The trial judge denied petitioner's motion for summary judgment, and the Court of Appeals reversed on the basis of Griggs v. Greene, 230 Ga. 257 (197 SE2d 116)
. As to the class action feature of the case the effect of the Court of Appeals decision was to affirm the trial court's holding that it was not a class action. On review, we are concerned only with the class action question. Held:
1. This is a class action. This case is controlled by Anderson v. Blackmon, 232 Ga. 4 (205 SE2d 250)
where we held that a proper class action was presented in a similar taxpayer's suit. Although facts as to the value of individual parcels or realty may vary considerably, the gravamen of petitioner's complaint is that the action taken by the Revenue Commissioner was illegal as applied to every taxpayer. "The character of the right sought to be enforced may be common although the facts may be different as to each member of the alleged class. The rights may be several in that each member of the alleged class is dependent upon a different factual situation to establish his right to prevail, yet they may be of a common character." Georgia Investment Co. v. Norman, 229 Ga. 160
, 162 (190 SE2d 48
2. All payments of taxes made prior to the trial court's protective order are voluntary and cannot be recovered. Blackmon v. Ewing, 231 Ga. 239 (201 SE2d 138)
. As to those who paid subsequent to the order, Anderson, supra, is again controlling. In that case, the trial court found that no proper class action was presented, and entered an order which was limited to "any plaintiff in this suit," effectively protecting only the named plaintiff's. The existence of the order was witness to the fact that the trial court intended to protect those persons entitled to protection. This court reversed the trial court and held that since the entire digest was to be voided, the elements necessary to constitute a class and maintain an action in behalf of all those who had not paid their taxes was sufficiently met.
3. Since this is a class action, it is necessary to establish the effective date of the trial court's protective order. Here, the protective order was made orally on December 4, 1972, and was reaffirmed in the written order of April 2, 1973. Where, as here, the trial court, in the exercise of its equitable powers, recites the previous oral order, and reaffirms that order in writing, the order is effective as of the former date, which in the present case was December 4, 1972.
4. We affirm that portion of the Court of Appeals opinion which reversed the trial court's denial of petitioner's motion for summary judgment.
HALL, Justice, dissenting.
I dissent to the ruling in Division 2 of the majority opinion that the judgment in this class action cannot be applicable to certain members of the class. The confusion grows out of the term "class action" and the results that flow from a judgment in this type of suit.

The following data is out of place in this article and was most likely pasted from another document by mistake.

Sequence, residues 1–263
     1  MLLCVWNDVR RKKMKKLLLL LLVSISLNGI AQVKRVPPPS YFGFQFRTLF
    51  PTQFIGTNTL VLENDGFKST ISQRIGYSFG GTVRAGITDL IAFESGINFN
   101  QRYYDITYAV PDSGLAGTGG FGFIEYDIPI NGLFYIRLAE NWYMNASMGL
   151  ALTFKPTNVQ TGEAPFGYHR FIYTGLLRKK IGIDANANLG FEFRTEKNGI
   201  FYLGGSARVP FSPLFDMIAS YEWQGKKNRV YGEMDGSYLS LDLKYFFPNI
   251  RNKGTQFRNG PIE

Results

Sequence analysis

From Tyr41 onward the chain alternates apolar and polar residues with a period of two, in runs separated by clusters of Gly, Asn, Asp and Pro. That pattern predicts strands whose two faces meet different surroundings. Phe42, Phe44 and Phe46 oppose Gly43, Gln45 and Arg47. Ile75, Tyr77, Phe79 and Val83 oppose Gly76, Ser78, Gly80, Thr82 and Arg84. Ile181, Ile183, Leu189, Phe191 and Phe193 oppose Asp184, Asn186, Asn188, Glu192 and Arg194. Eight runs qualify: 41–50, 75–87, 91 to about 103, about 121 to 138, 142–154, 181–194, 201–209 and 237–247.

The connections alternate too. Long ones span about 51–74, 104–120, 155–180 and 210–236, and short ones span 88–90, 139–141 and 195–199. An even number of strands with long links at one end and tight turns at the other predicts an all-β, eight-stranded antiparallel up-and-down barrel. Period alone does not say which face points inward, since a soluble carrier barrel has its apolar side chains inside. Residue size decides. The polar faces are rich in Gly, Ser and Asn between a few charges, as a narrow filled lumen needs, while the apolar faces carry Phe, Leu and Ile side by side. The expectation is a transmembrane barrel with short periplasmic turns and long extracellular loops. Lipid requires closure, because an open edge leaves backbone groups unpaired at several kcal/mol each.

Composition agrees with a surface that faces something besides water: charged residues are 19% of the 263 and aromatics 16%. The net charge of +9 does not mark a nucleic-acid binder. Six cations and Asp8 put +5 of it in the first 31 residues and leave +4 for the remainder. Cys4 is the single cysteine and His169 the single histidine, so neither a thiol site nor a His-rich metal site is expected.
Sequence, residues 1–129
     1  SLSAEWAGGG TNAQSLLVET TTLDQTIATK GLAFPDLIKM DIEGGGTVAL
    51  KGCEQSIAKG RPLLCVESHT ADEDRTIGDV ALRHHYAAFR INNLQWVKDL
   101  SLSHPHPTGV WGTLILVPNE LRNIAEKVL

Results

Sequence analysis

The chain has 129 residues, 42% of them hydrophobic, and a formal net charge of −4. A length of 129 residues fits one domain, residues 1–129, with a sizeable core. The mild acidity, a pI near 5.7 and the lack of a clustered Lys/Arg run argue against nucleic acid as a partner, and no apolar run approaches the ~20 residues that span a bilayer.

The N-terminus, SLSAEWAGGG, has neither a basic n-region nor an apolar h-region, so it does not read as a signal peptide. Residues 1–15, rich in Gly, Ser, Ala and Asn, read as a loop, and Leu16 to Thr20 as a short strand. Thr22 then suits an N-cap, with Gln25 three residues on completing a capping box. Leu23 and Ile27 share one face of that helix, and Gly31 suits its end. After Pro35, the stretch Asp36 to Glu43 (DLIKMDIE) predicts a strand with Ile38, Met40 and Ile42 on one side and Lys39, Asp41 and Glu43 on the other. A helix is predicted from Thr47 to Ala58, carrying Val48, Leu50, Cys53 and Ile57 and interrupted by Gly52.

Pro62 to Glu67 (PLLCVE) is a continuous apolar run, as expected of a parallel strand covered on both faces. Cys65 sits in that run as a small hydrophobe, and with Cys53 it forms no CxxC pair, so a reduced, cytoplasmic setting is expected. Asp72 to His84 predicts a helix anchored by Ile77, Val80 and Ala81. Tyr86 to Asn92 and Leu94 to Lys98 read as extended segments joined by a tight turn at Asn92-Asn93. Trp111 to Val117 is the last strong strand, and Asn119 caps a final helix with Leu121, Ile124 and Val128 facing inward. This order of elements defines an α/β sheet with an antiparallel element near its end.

Historically, equity has had jurisdiction over a bill of peace (one suit in equity taking the place of many suits at law). This remedy has been recognized in Georgia by both decisions of this court and in the Code. Bates v. Houston, 66 Ga. 198; Macon & B. R. Co. v. Gibson, 85 Ga. 1 (11 SE 442, 21 ASR 135); O'Jay Spread Co. v. Hicks, 185 Ga. 507 (195 SE 564); Code 37-1001, 37-1002 and 37-1007. A taxpayers' suit was a typical case for this relief. "The question of whether a bill of peace will lie or not is directly involved where taxpayers join in an action for themselves and others affected to restrain the enforcement of an illegal tax or assessment. The courts have held that the action will lie as a bill of peace, an injunction restraining the admittedly illegal tax eliminating the need of the many suits . . . The same trial and a single decree common to all settles the controversy in a single action without added difficulty or inconvenience arising from the number of the parties." Walsh, A Treatise on Equity, pp. 558-559. "By the great weight of authority, several taxpayers affected in a similar manner by an illegal tax or license fee may join in a proceeding in equity to restrain the enforcement of the tax and for such other relief as the nature of the case presented may require, provided it is common to all of them." McIntyre v. Harrison, 172 Ga. 65, 73 (157 SE 499). "The common right referred to may consist of a joint interest in the cause of action declared upon, or of separate interests in the particular subject matter of the suit." White v. North Ga. Electric Co., 128 Ga. 539, 541 (58 SE 33). It is clear therefore that the taxpayers had a right to bring a class action in a traditional equity suit on behalf of all taxpayers in Grady County to enjoin the allegedly void tax digest.